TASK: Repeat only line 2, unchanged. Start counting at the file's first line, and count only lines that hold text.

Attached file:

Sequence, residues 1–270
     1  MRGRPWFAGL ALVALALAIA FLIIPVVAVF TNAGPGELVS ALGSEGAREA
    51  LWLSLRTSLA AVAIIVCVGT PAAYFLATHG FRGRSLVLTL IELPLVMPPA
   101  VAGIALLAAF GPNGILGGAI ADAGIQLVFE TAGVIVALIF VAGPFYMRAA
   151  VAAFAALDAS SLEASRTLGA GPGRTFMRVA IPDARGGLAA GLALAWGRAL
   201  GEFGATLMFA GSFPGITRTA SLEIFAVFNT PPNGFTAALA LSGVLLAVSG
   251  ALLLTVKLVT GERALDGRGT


     1  MRGRPWFAGL ALVALALAIA FLIIPVVAVF TNAGPGELVS ALGSEGAREA